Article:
Recently Bill Maher made a half-serious joke about Hillary Clinton's rocky journey to the White House - noting that she "just doesn't know how to campaign." He said something like: "Last time you lost to an unknown inexperienced young black guy and now you're losing to a 72 year old Jewish socialist. We're making it as easy as we can, but could you help out a little?"
I really admire Bill Maher and I find myself agreeing with him, almost all the time. But not this time. It does seem accurate to say that Hillary's momentum is off, she has watched a very sizeable lead in Iowa disappear as Bernie Sanders came on --as seemingly unstoppable as a long-in-the-tooth Sorcerer's Apprentice.
But it is inaccurate to say that she doesn't know how to campaign. Hillary Clinton is in fierce campaign mode - and unlike most of the other candidates, she is addressing issues directly and forcefully, demonstrating that she is both knowledgeable and experienced.
The reason why she is faltering in the polls is not that she is inept. It is because she has lost her narrative. Or - more to the point - the Narrative has lost her.
Voters look to political candidates to tell them a story about themselves. Hillary's story, early on, had vast appeal - the appeal of a candidate campaigning to be the first woman president of the United States of America.
In 2008, she rode that same surge of momentum, but a young relatively inexperienced senator came along with a narrative that superseded hers - Barack Obama was running to be the first black President of the U.S. -- that story took off on its own - and that story became our history.
Now Bernie Sanders, a 72 year old Jewish socialist, trundles along - with his anecdotal predictions of "Revolution" - and he gets close to knocking Hillary off the charts. Whether you think the Washington Post was excessively harsh in painting Sanders as "not a brave truth-teller. He is a politician selling his own brand of fiction" - it is entirely fair to let the emphasis remain on the word "fiction" - which (until the politician is elected to office) is a useful descriptive of any candidate trying to persuade the public to accept his/her story of the state of the union - and how to change and better it.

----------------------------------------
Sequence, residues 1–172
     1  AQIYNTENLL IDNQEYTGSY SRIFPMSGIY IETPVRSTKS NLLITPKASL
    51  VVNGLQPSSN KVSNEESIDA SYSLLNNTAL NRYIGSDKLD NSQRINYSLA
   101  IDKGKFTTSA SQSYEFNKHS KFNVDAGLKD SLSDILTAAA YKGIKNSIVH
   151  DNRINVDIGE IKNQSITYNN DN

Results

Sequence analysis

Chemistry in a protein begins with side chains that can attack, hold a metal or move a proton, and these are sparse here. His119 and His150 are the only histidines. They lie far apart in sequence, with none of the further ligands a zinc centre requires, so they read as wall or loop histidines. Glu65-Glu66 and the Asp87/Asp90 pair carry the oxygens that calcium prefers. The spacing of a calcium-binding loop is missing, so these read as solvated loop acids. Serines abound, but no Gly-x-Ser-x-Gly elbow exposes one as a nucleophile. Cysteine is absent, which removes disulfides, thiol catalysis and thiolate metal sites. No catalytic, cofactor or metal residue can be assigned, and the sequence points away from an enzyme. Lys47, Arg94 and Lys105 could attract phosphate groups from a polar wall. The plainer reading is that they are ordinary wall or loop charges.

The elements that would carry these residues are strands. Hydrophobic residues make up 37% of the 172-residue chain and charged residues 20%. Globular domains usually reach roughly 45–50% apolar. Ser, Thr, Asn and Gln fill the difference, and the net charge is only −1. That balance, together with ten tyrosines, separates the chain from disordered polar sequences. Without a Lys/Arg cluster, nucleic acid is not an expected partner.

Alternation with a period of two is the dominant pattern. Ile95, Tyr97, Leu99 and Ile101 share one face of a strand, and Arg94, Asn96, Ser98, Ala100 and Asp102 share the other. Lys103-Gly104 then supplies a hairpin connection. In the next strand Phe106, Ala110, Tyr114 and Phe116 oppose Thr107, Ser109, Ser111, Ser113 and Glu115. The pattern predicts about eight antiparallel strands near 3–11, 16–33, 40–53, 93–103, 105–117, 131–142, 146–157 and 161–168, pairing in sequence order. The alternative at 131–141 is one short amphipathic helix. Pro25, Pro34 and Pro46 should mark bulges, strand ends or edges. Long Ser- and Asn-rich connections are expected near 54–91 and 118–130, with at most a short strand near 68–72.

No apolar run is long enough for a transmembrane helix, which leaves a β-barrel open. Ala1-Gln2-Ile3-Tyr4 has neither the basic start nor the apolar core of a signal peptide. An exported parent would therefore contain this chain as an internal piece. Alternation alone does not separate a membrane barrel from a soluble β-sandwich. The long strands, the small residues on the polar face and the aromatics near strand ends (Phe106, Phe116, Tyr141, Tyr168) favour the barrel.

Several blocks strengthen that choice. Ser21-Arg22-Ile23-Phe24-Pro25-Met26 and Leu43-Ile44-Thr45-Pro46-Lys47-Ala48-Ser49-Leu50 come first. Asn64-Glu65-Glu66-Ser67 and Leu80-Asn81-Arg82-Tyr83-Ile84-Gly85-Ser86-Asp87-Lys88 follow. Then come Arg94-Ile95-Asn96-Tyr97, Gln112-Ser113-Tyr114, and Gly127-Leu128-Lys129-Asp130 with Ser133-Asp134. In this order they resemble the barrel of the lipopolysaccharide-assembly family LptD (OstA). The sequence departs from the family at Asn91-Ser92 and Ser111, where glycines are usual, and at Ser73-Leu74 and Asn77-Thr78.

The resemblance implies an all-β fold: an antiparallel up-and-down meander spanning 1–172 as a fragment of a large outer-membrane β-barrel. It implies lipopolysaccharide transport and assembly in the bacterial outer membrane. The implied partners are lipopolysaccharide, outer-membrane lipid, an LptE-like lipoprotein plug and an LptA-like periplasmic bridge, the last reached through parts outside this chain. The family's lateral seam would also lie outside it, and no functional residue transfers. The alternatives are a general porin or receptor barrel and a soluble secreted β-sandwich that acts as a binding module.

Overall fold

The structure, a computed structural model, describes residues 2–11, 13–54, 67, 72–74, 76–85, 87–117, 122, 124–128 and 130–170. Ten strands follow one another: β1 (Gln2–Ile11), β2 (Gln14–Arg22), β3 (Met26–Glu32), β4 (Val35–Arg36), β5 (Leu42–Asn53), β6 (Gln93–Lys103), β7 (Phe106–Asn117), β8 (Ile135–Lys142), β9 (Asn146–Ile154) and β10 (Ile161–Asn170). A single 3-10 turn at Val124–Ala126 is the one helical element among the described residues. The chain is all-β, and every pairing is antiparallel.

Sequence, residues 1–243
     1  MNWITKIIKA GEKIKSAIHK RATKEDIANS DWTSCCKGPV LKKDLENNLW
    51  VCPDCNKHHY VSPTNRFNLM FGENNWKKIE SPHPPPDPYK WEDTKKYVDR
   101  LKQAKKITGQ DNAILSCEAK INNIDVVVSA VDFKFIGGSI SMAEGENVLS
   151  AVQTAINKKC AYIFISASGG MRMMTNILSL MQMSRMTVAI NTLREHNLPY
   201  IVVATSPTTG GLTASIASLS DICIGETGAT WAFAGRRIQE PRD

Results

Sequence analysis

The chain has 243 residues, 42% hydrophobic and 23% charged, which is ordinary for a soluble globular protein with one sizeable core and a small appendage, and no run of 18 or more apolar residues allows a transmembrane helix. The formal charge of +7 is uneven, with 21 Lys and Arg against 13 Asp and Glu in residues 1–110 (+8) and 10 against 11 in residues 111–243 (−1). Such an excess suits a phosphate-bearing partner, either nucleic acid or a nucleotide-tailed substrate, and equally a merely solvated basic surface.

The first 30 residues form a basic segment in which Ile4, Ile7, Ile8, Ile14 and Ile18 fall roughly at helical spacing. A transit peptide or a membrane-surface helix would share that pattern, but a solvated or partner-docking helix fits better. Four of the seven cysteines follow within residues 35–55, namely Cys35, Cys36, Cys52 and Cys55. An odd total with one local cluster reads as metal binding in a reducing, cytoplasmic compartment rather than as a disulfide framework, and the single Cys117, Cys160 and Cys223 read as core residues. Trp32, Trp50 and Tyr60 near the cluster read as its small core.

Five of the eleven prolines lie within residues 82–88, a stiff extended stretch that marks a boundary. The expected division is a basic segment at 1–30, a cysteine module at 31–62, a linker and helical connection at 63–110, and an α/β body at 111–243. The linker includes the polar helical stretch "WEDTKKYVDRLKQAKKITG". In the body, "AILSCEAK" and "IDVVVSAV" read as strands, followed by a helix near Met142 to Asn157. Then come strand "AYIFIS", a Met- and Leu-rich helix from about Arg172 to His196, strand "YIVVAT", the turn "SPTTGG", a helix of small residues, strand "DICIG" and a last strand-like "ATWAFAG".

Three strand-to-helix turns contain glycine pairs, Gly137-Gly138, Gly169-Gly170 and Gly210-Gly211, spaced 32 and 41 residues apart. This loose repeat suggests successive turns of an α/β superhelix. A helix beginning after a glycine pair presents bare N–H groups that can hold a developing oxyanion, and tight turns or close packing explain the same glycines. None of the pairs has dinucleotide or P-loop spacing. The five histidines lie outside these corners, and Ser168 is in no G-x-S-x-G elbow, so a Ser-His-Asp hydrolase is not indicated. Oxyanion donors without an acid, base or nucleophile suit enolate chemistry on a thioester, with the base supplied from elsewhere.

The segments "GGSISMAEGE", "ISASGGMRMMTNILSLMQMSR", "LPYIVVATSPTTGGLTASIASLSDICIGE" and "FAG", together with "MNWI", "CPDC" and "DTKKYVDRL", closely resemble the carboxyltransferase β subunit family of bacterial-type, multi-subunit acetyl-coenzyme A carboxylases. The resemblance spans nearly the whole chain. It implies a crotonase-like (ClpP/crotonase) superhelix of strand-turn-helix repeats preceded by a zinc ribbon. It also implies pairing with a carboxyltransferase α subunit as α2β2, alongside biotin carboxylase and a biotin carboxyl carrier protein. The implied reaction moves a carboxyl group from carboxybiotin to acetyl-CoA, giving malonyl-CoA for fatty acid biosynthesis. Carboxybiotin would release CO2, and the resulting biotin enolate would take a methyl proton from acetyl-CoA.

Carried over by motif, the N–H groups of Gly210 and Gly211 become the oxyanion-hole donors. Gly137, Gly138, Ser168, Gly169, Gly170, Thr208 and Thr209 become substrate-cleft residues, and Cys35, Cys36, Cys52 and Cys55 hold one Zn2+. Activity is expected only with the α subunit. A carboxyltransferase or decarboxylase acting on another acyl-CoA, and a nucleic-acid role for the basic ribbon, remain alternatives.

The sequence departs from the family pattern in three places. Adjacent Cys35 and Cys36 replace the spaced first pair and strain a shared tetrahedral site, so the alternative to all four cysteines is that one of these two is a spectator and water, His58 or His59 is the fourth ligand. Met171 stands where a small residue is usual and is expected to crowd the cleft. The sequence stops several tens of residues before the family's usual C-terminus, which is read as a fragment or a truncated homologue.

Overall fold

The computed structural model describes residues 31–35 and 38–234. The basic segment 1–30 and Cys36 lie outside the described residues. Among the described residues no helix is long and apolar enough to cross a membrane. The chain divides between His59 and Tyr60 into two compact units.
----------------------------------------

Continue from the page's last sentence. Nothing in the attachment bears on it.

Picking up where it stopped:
As Nicholas Kristof, (a self-confessed "admirer" of Sanders) noted recently in his New York Times column, there are fact-based concerns and unanswered questions about how Bernie will realize his ambitious agenda. Kristof's questions left Sanders looking like an absentminded professor, as he quoted the Committee for a Responsible Federal Budget, a bipartisan group that found that Sanders' sums come up short by $3 trillion over a decade. But his followers, especially the disenchanted young, aren't reading the story's fine print - the bigger story sounds like perfect panacea.
(I remember a sociology professor I had in grad school, looking out at his class of hippie revolutionaries, fresh from People's Park protests, who observed (cynically, we thought) that "real revolution will never happen again in the U.S." The American Revolution, he said, built "institutions" in its wake: among them a system of government, a Constitution - the results of the hard intellectual work and compromise that followed the bloody battles for independence from England -after the heady phrase-making and call-to-arms of citizens was over.
But, getting back to Hillary -- it isn't only fresh idealistic narratives bumping earlier idealistic stories out of the running that appears to be shadowing her. The great enthusiasm for Hillary early on was also eroded because of the lack of faith in women's narratives in the long run. Hillary once travelled to China -- where she said that "Women's rights are human rights" - but that's exactly where the cracks in the narrative edifice begin to form.
Ultimately, it is my opinion that we still doubt women's aspirations to high office. We suspect they can't make it when the going gets tough. Despite all the consciousness-raising (one of the less grounded "institutions" generated by the protest movements of the 60's and 70's) - Hillary Clinton has undergone more savage on-line (and in other speechifying) abuse, as a woman (and just because she is a woman) than any other candidate running. (& notwithstanding Trump's sexist snark about Carly Fiorino's face) I have read and heard, over the years, a staggering number of character-assassination style attacks on her, often based solely on her physical appearance, her voice - and repeatedly, her private life.
Lena Dunham (of the hit HBO series, "Girls") and loyal campaigner for Hillary -- has spoken out about the adjectives routinely applied to her that would never enter a discussion of a male candidate - that she is "shrill", "frumpy", "fake", etc.
These adjectives are stealth missiles that can "take out" the story of one extraordinary woman - running on her record - entitled to her own story, based more on "real life" than any fictional future.
Let's see how the story ends - but let's not provide an ending before we let the plot play out. No candidate has all the answers, Hillary Clinton has a few more non-fictional ones than all the others.
- Carol Muske-Dukes